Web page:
Entire Schedule Strength (hardest to easiest)
Indiana 4.55
Michigan 4.43
Ohio State 1.29
Michigan State 1.06
Minnesota 0.43
Iowa 0.13
Penn State -0.15
Illinois -1.84
Wisconsin -2.16
Northwestern -3.80
Purdue -4.02

Looking ahead to next season, the prohibitive favorite should be...

Ohio State
I know statistically the Buckeyes were only fifth in SDPI, and this was likely the worst Buckeye team since 2004. However, Ohio State was one Terrelle Pryor fumble from winning their third straight outright Big 10 title and playing in the Rose Bowl. Pryor put up good numbers as a true freshman, rushing for over 600 yards and posting a passer rating of 145.62, which would have ranked 21st in the nation if he had enough attempts to qualify. Pryor should improve in 2009, and even if he never achieves the zenith most recruiting gurus think he will, he is an obvious upgrade over Todd Boeckman. Next season, the Buckeyes must play the four teams that finished above them in SDPI (Penn State, Illinois, Wisconsin, and Iowa). Each of those teams save Penn State must travel to Columbus. And speaking of Penn State, while the Lions were clearly the best team in 2008, attrition will likely prevent them from being the best team in 2009. The Lions will be breaking in a new quarterback to replace departing senior Daryll Clark. The Lions will also be without their top three receivers from 2008 and three of their top five tacklers. Winning in State College will be no gimme for the Buckeyes in 2009, but Penn State will likely find themselves on the wrong end of a few conference games as well.

The team(s) you should be buying are...

Illinois, Purdue, and Wisconsin
I discussed earlier how on a down-to-down basis the Illini were the second best team in the Big 10 last season. But as they say, a picture is worth a thousand words. See if you can guess from the table below during which season Illinois went to the Rose Bowl and during which season they missed a bowl game entirely. As you've probably already guessed, the more statistically dominant season is the one where the Illini did not make it to postseason play. The biggest difference between the six win conference season of 2007 and the three win conference season of 2008 is turnovers and random chance. The Illini were +7 (second in the Big 10) in turnover margin in conference play in 2007 and 3-1 in one-score conference games. In 2008, they were -4 (eighth in the Big 10) in turnover margin in conference play and 1-1 in one-score conference games. Both those trends have a good chance of reversing themselves in 2009 and the Illini should return to a bowl game. Another team that was better than their record indicated in 2008 was the Purdue Boilermakers. In Joe Tiller's swan song, Purdue performed from down-to-down at about their usual rate. They were fifth in the conference in offense and fifth in defense. Unfortunately, their punt coverage units let them down. Purdue gave up three punt return touchdowns on the season (two in conference play) and was dead last in the nation (120th) at covering punts, allowing 16.7 yards per return. That's not to say Purdue was unlucky in covering punts, they were plain bad, but performance in special teams is not as consistent year-to-year as performance on offense and defense. That's great news for new head coach Danny Hope and all Purdue fans. One area where Purdue was exceptionally unlucky was at recovering their own fumbles. Purdue fumbled only 12 times in 2008 (tied for sixth in the nation for fewest fumbles), but were only able to fall on two of them. Purdue was last in the nation in percentage of own fumbles recovered. Unlike special teams, fumble recovery is totally random, so you can bet Purdue will have better luck corralling loose balls next season. With better special teams play, some improved luck, and a competent quarterback under center, Purdue should be back to a mid-level bowl game next season. We've already touched on some of the reasons Wisconsin is poised for a rebound in 2009, but another factor to add to the equation is their poor luck in close games in 2008. Wisconsin was involved in four one-score Big 10 games in 2008, and was victorious in only one. The Badgers lost by two points to Michigan, three points to Ohio State, and by a single point to Michigan State. Their luck in close games should improve and if quarterback Dustin Sherer makes any progress in his senior season, the Badgers could be a darkhorse contender for the Big 10 title.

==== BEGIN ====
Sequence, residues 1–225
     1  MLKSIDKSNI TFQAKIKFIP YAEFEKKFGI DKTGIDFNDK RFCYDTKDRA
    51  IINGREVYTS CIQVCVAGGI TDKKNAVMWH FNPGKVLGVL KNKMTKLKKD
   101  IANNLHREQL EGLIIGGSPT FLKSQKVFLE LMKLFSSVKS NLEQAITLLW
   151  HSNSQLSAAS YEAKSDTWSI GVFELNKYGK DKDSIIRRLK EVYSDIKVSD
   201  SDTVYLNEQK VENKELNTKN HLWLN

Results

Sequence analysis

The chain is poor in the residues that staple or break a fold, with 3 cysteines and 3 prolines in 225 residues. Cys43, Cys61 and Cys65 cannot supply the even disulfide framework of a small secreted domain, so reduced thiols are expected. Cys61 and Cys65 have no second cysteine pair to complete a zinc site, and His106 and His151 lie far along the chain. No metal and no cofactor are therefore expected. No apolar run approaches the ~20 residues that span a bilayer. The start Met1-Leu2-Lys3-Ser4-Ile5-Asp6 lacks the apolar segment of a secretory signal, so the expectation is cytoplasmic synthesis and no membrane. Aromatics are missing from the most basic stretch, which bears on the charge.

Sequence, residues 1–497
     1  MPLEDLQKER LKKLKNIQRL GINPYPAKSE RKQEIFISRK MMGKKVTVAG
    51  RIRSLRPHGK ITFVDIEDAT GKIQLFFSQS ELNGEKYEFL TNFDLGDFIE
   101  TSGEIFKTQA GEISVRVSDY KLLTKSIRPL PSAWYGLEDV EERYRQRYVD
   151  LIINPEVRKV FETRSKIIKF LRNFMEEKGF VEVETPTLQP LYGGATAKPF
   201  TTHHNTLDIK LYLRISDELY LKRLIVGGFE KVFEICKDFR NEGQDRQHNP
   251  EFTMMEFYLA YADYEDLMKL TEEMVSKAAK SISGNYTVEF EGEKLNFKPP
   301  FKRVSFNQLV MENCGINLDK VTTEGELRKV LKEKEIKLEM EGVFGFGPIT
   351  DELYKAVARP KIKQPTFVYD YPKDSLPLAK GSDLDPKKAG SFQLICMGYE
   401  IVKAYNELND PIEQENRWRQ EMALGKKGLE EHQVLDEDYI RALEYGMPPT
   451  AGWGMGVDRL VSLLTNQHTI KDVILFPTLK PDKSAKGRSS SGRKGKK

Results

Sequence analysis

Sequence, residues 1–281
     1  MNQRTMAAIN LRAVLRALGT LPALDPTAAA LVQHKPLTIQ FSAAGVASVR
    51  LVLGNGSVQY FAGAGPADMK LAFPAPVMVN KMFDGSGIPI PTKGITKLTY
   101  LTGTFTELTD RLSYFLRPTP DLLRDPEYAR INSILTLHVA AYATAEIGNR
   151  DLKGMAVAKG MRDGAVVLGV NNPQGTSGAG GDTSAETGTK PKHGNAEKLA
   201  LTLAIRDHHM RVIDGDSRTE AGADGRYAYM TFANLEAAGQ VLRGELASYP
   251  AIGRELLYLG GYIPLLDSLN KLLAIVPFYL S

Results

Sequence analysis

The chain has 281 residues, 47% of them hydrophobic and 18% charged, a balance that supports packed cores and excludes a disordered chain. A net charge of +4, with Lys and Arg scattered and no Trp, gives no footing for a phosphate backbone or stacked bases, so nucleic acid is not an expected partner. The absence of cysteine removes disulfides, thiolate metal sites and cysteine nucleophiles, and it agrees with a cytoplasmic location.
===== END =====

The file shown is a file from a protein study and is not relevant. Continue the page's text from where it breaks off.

The team(s) you should be selling are...

Michigan State and Minnesota